Sacrifice is—and will continue to be—a habit as her career continues to develop. Yet her fighting career leaves her with less time to socialize.

“You can no longer be friends with people who don’t support your vision. I sacrifice a lot of money. You can’t do fun things or visit your mom because all your money goes toward fighting,” McMullin says. “The only thing I don’t sacrifice is eating. I eat clean, real food, but I like candy. My only vice is Snicker bars.”

McMullin’s attitude is to compete until physically she no longer can. She says she will stop fighting before she turns 40. But until then, McMullin would never want her coaches to “throw in the towel” as an admission of defeat.

“The fighter is always going to want to fight forever. Sometimes coaches do that to keep their fighter safe. I don’t think my coach would ever do that, which I appreciate about him. He would let you go down fighting,” says McMullin about her coach, Rivera.

He’s sitting behind a front desk displaying merchandise available for purchase, agreeing with his fighter’s philosophy.

“No, the fighter fights, lives, and will die by the sword,” he responds. “Most of the time, a fighter would rather go down in a fight than have their corner throw in the towel.”

According to Rivera, successful fighters have a combination of habits.

“Physicality, technicality, mentality-put those three things together ,and you got yourself a champion,” he says.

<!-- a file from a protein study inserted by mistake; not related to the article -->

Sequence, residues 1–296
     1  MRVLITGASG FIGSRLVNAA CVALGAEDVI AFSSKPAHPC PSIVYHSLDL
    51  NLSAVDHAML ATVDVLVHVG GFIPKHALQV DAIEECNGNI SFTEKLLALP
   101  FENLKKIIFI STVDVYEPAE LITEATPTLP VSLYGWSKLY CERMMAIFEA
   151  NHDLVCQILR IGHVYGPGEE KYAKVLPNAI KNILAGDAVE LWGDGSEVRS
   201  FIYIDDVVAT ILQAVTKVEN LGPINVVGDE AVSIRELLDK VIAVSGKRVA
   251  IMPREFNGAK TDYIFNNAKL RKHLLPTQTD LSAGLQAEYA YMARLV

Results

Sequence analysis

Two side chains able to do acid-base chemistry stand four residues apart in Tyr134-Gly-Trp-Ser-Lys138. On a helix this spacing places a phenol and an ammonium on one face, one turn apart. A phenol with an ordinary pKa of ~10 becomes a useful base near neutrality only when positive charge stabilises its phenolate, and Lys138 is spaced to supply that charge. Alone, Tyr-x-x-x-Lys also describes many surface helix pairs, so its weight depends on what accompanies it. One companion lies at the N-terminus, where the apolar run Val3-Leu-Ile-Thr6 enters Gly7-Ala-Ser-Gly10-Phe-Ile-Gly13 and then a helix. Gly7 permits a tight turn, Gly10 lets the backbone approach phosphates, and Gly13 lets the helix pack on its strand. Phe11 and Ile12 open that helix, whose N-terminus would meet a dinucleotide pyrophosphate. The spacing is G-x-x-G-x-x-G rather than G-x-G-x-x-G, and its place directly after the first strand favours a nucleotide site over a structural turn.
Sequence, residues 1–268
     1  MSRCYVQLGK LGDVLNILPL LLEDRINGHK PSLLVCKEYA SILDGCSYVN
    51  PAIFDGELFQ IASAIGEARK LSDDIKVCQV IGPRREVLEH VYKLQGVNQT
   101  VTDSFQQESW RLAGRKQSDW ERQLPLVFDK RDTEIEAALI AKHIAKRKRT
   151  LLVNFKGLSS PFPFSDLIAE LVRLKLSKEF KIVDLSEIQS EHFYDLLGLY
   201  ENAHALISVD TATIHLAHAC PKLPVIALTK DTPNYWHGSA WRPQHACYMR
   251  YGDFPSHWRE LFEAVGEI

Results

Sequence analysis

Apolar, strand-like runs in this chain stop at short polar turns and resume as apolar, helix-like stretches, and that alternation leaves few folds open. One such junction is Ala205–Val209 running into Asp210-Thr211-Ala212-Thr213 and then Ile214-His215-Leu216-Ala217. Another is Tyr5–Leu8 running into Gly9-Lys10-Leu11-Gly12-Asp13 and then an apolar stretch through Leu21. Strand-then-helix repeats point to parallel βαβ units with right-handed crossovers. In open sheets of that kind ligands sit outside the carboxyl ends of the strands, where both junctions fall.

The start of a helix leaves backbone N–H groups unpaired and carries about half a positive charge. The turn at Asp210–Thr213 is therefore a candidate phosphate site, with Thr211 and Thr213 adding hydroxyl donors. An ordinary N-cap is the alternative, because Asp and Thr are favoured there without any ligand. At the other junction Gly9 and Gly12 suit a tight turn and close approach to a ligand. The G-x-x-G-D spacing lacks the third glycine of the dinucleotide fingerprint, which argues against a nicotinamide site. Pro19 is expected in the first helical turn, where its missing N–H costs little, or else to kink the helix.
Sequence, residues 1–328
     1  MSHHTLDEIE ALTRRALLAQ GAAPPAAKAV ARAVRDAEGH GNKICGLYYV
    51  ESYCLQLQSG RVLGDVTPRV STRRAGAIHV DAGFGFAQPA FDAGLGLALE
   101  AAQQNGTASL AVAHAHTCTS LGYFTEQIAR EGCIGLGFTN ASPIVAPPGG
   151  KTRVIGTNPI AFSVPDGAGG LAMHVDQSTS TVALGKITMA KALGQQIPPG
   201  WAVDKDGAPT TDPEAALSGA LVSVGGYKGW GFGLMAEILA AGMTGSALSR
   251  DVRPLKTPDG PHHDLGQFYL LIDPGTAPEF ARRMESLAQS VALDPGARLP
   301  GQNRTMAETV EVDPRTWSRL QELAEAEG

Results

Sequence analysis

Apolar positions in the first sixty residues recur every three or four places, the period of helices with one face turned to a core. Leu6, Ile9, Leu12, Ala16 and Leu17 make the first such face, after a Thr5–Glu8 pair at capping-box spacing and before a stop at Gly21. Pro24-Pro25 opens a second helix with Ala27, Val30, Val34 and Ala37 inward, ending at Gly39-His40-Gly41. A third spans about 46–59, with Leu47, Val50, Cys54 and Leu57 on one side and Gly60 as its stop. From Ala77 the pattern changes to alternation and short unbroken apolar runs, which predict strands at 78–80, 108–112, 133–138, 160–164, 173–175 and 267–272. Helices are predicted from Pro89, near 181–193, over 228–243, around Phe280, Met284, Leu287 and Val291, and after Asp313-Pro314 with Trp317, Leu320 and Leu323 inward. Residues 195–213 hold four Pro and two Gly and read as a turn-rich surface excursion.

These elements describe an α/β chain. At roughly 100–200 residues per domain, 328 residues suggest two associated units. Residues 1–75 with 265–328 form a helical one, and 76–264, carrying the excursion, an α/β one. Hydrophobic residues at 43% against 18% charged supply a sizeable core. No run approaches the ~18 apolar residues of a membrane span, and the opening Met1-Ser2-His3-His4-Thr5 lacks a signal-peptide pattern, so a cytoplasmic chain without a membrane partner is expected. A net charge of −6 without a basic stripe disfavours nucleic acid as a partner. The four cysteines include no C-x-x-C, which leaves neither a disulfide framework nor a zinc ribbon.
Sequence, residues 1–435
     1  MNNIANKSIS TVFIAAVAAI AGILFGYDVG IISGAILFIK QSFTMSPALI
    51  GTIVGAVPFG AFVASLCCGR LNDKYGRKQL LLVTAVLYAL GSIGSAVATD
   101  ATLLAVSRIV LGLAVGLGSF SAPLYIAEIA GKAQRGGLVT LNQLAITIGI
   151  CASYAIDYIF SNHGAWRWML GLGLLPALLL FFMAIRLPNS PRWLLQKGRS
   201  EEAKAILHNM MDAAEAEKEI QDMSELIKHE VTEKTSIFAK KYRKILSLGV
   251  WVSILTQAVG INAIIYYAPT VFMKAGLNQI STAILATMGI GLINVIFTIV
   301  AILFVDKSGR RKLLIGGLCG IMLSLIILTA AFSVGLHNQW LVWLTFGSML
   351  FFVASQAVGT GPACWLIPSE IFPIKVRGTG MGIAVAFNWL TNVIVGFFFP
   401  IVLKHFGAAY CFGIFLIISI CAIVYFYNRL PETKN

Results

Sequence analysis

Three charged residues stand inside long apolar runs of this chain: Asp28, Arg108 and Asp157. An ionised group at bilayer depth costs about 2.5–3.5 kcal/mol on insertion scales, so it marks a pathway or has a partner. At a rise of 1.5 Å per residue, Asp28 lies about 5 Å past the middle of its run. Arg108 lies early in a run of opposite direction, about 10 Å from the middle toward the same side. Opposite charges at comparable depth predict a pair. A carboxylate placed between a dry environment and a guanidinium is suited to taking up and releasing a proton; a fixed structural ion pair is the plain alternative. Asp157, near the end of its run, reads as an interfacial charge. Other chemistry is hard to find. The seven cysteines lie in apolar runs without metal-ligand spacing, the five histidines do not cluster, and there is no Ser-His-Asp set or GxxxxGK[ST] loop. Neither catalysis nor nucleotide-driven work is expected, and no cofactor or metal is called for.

McMullin leaves the building as 25-year-old amateur fighter, Dorian Ramos, arrives. He was one of McMullin’s first training partners. While stretching on a blue grappling mat, Ramos says he is empathetic toward new fighters, and he’s used positive reinforcement to develop McMullin’s fighter mentality.

He says her conditioning has improved since he began training with her.

“Usually when I roll with women, I could feel the difference in strength and conditioning. She does not get tired. She just goes forward and doesn’t stop,” Ramos says.

McMullin hopes to fight in a high-level promotion some day, and has her sights on Invicta Fighting Championship, an all-women’s organization. To do this, she will have to fight often and have a winning record. Even though a recent fight fell through for her, she continues to train to keep a healthy mindset.

Sometimes, McMullin steps into a back office in the back of the gym to gather her thoughts. On this day, she sits on a folding chair and stretches out her right arm, revealing a tattoo, a family crest with an “A” in the center that stands for anarchy, evidence of her time at the Utah punk rock house.

“We were an anarchist collective,” she says. “I would hop on trains and hitchhike. There is a bike chain (on the tattoo) because I rode bikes all the time, until recently.” These days, McMullin gets around on a scooter, rather than a car, in order to save money and pay for fight-related expenses. The tattoo reflects a past that McMullin has been eager to leave behind. But since it’s stuck on her, she’s decided its meaning has changed over time.

“I have a complicated relationship with it. In some ways, punk rock was the first thing I found that brought me a sense of community. Sometimes, I actually hate it a lot. But then, a lot of times I feel it is very reflective of my growth,” McMullin says.

Elizabeth McMullin reveals a tattoo—a symbol of her growth as a person. (Photo by Phillip Bramwell)
Elizabeth McMullin reveals a tattoo—a symbol of her growth as a person. (Photo by Phillip Bramwell)